Although we can’t eradicate the problem overnight, there are many things we can do to jump-start a change. Let’s take a look at some constructive ways to tackle ageism in the tech industry.
While we all have a lot of work to do, there are many things that we can do to help fight against ageism in the tech industry. I’ve outlined some actions that you can take, and then we’ll move onto some ideas for how companies can make a change.
Instead of working for others, become your own boss. As long as you stay up to date with relevant skills, focus on maintaining a strong professional network, and build a solid portfolio, then this is a great path for you.
One of the best things you can do for yourself is to continue learning. Show potential employers that you’re a lifelong learner. This will demonstrate that you still have a passion for and interest in the field. A plethora of skills can help you overcome potential ageism in the workplace or in hiring efforts. Keep up with new tech trends, languages, technologies, and best practices. When seeking out new information, it’s important to remember to focus on what’s relevant to your desired outcome.
If you want to expand your role within your current company, figure out what knowledge and skills they value there. If you’re looking to move companies, research your top choices to gain a deeper insight into what you should focus on in your learning. If you’re new to tech or transitioning from a completely different industry, leverage your existing network (or the internet!) to find the most relevant path for you. There are so many great, free resources for you. Use them to your advantage!
If you want to take a slightly different approach, instead of learning many different tools, technologies, and languages, gain deep domain knowledge in one of them. For example, instead of trying to learn a little bit of the most popular programming languages, choose one or two and get as good as you can with them. Many individuals want to gain experience in as many aspects of the field as possible, but an individual with highly specialized experience and knowledge in an aspect of the tech field is very attractive.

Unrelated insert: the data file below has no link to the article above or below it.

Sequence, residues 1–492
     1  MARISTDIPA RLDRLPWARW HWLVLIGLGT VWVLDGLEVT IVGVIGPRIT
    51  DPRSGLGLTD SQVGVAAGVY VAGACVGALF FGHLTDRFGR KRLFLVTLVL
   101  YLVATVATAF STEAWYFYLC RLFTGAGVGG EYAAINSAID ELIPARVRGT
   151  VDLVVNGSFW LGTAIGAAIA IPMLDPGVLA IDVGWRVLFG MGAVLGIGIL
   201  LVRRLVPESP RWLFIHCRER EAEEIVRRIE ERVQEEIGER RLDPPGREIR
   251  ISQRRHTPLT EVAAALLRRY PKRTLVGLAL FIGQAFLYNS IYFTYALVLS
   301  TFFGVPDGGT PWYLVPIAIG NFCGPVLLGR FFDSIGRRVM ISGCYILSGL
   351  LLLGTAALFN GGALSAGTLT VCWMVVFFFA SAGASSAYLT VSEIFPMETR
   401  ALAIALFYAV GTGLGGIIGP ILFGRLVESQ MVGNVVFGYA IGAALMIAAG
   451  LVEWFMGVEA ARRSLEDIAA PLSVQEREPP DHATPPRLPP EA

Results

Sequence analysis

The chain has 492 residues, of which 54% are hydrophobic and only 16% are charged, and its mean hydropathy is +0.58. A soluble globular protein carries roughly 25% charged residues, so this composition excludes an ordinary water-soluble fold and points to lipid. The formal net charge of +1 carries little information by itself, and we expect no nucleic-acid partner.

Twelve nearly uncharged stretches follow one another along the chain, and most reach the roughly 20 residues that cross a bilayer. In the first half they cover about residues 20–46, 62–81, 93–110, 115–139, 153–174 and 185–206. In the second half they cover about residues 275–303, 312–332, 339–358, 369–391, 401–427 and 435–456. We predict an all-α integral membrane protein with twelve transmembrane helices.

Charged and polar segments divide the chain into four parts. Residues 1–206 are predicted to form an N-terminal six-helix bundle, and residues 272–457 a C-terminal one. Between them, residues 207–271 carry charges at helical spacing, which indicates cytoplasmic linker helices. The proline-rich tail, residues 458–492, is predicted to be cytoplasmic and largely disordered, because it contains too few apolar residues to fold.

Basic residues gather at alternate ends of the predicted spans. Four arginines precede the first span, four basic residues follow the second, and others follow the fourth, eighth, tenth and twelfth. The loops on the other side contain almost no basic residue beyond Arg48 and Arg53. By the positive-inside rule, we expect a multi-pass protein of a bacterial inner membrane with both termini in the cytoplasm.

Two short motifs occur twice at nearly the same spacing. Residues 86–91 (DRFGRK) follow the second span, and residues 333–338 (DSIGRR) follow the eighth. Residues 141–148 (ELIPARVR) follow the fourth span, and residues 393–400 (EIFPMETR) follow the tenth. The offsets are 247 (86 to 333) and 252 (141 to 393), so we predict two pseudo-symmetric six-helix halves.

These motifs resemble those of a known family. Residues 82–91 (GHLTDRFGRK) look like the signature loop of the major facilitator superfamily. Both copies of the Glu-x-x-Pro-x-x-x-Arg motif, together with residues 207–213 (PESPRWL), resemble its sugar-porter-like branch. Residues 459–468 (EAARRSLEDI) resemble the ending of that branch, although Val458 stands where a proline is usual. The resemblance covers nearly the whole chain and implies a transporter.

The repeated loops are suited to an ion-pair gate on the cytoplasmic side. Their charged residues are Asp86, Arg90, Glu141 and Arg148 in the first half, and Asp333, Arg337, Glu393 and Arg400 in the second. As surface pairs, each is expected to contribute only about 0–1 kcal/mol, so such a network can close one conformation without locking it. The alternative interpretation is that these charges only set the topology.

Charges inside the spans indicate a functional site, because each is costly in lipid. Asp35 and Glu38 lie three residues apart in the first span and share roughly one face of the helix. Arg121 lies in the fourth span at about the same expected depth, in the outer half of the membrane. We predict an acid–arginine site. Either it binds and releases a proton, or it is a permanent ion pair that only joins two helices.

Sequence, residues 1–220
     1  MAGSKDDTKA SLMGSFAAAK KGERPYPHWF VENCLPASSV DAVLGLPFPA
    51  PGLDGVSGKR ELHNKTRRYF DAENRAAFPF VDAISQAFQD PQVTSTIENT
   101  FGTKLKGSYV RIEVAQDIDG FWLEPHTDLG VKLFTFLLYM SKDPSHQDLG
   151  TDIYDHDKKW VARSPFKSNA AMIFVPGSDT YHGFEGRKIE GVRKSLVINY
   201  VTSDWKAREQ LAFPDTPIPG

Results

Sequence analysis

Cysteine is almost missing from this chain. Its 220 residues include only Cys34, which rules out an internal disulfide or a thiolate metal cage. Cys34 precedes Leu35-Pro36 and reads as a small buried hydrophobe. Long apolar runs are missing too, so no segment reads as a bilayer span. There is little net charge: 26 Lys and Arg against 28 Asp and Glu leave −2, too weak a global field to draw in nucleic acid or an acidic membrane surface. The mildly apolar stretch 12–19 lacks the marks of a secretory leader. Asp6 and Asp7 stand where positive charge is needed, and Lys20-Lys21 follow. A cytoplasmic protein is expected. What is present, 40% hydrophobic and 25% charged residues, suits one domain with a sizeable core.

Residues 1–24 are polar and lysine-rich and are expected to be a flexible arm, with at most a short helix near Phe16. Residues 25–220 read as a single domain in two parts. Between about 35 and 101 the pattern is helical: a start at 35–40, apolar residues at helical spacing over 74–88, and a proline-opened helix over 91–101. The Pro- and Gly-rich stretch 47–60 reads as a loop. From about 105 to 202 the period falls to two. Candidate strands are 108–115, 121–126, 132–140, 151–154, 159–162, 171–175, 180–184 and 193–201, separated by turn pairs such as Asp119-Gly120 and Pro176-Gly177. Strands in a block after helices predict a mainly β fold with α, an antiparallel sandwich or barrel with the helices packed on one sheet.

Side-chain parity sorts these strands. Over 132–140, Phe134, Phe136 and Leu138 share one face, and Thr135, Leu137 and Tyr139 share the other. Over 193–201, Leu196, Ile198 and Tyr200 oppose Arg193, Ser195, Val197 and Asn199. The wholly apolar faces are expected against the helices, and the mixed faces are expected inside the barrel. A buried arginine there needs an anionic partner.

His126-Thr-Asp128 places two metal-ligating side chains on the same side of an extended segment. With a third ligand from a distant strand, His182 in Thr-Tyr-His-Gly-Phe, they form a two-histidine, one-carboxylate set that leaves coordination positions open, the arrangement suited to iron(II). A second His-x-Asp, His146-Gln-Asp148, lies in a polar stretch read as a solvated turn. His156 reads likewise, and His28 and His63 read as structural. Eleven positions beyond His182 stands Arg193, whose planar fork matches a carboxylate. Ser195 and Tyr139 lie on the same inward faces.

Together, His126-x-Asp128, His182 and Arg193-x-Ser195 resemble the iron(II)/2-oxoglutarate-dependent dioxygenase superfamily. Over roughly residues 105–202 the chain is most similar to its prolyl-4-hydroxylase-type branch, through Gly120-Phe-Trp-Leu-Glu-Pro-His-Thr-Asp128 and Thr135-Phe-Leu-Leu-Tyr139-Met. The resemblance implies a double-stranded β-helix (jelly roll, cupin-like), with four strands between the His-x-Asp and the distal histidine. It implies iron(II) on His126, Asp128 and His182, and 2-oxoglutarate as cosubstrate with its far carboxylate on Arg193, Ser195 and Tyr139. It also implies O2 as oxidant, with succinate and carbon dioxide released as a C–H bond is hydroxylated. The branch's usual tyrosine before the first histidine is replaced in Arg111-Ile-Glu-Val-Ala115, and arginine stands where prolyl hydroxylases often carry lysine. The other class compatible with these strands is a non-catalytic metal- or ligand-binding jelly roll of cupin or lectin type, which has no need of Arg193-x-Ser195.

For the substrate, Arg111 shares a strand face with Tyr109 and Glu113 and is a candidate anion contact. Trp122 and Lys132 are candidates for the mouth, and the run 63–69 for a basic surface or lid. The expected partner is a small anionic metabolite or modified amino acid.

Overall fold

Take some time to update your resume. A good resume can get you a lot of attention for a potential position. These days, one-page resumes are in. Find ways to showcase your relevant experience within the confines of a single page.
A common piece of advice is to age-neutralize your resume. Instead of highlighting your graduation date and jobs from early in your career, focus on your more recent experiences. You don’t need to list everything on your resume, just what’s relevant. The tech world moves fast, so try to keep in mind that older experiences may not be very applicable to the current job you’re interested in.
With any job, make sure you’re tailoring your resume to fit the position you’re applying for. If you’re applying for multiple positions, it may feel tedious to constantly edit your resume, but I promise it’s worth it! The better your resume matches the job description, the higher your chances of hearing back.
Tip: While age-neutralizing your resume is a common piece of advice, don’t remove all dates from your resume. It’s frowned upon to remove employment dates. As I mentioned, try to focus on your more recent experiences. If you discover that one of your older experiences is noteworthy or relevant, you should include the dates.
If you’ve been in the workforce for a while, chances are you have a decent amount of connections! Tap into your existing network. Let them know what you’re doing and what you want to do. Anyone could be your link to a new position!